Moral Low Ground

US Government

Texas to Require Burial or Cremation of Aborted Fetuses

Anti-abortion activists protest at the Texas State Capitol in Austin on July 1, 2013. (Photo: Ann Harkness/Flickr Creative Commons)

Anti-abortion activists protest at the Texas State Capitol in Austin on July 1, 2013. (Photo: Ann Harkness/Flickr Creative Commons)

Texas health officials will require health care providers to bury or cremate the remains of aborted fetuses under new rules fiercely opposed by reproductive rights advocates and the larger medical community.

The Texas Tribune reports the new rules will go into effect on December 19 and will prohibit hospitals, abortion clinics and other health care facilities from disposing of fetal remains in sanitary landfills. Instead, such remains must be interred or incinerated, regardless of gestational development. Officials said the new rules do not apply to miscarriages or abortions that occur at home.

Gov. Greg Abbott (R) pushed hard for the new rules and even cited his support for the measure in a summer fundraising drive.

“I believe it is imperative to establish higher standards that reflect our respect for the sanctity of life,” Abbott said in a July fundraising email. “This is why Texas will require clinics and hospitals to bury or cremate human and fetal remains.” Abbott boasted that Texas is working to “turn the tides” against abortion in Texas and protect the “rights of the unborn.”

Executive Health Commissioner Charles Smith lauded the governor’s “commitment to protect unborn lives” and called the rules “in the best interests of the public health of Texas.”

Women’s and reproductive rights advocates and many medical and health professionals condemned the measure.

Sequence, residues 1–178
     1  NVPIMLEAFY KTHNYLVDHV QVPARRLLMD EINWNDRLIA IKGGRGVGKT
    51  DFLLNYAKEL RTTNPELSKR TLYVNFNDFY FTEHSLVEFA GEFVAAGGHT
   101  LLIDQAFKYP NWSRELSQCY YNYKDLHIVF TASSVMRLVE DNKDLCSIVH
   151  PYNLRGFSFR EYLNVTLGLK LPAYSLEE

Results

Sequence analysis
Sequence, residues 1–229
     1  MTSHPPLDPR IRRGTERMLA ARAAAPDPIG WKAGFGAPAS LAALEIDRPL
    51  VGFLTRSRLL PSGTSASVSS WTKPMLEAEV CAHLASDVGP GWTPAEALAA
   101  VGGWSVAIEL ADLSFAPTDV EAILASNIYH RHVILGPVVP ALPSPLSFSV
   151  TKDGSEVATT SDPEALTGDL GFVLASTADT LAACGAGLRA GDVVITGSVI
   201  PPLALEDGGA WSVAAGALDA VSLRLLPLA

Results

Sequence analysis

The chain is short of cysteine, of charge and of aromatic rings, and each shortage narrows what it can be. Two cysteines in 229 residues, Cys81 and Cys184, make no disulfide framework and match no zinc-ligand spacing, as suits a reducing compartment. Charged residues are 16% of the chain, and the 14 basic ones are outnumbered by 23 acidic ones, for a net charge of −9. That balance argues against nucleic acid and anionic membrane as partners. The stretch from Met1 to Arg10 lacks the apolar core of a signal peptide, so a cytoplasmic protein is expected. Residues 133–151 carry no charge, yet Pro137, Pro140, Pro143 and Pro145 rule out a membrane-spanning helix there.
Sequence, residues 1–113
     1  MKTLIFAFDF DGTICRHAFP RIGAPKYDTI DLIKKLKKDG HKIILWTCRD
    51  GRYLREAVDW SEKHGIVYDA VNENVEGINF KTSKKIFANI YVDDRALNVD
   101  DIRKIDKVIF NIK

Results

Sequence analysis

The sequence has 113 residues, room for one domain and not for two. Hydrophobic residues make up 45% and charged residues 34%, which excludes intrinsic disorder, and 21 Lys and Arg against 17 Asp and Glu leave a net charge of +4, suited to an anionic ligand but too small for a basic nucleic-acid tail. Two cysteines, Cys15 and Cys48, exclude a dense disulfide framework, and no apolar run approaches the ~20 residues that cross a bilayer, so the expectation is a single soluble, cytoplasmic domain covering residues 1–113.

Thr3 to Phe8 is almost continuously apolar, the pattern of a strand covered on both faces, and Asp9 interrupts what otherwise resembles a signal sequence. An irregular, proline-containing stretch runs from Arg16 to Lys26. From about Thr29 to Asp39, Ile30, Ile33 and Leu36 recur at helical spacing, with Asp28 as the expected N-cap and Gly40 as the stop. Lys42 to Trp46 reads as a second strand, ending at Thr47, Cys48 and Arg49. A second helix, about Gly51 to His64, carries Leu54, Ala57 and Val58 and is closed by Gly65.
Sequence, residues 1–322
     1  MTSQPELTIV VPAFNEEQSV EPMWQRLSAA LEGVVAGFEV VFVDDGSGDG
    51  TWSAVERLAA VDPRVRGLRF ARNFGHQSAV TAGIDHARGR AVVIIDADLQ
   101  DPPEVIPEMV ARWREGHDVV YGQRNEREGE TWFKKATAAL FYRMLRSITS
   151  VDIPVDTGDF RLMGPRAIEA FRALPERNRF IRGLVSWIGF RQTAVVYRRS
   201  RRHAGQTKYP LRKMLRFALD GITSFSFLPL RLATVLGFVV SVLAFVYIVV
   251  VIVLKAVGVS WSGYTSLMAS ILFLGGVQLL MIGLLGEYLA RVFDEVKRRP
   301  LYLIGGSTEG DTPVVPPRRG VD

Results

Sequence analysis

“This is another in a long line of medically unnecessary, with no scientific merit, restrictions put on physicians and facilities that provide abortion care,” Blake Rocap, legislative counsel for reproductive rights advocacy group NARAL Pro-Choice Texas, told the San Antonio Express-News. “It’s a completely political overlay of a cultural practice that not everyone adheres to onto what should be scientifically appropriate licensing rules.”

Stephanie Toti, senior counsel for the Center for Reproductive Rights, released a statement accusing Texas politicians of “inserting their personal beliefs into the health care decisions of Texas women.”

Texas, which has some of the most restrictive anti-abortion laws in the nation and where the US Supreme Court recently struck down parts of a law that could have severely reduced the number of abortion clinics in the state, is the second state to attempt to enact fetal burial rules. Earlier this year, Indiana Gov. Mike Pence, who will serve as vice president in Donald Trump’s administration, signed a bill including such a provision. However, a federal judge blocked implementation of the law in a June ruling.

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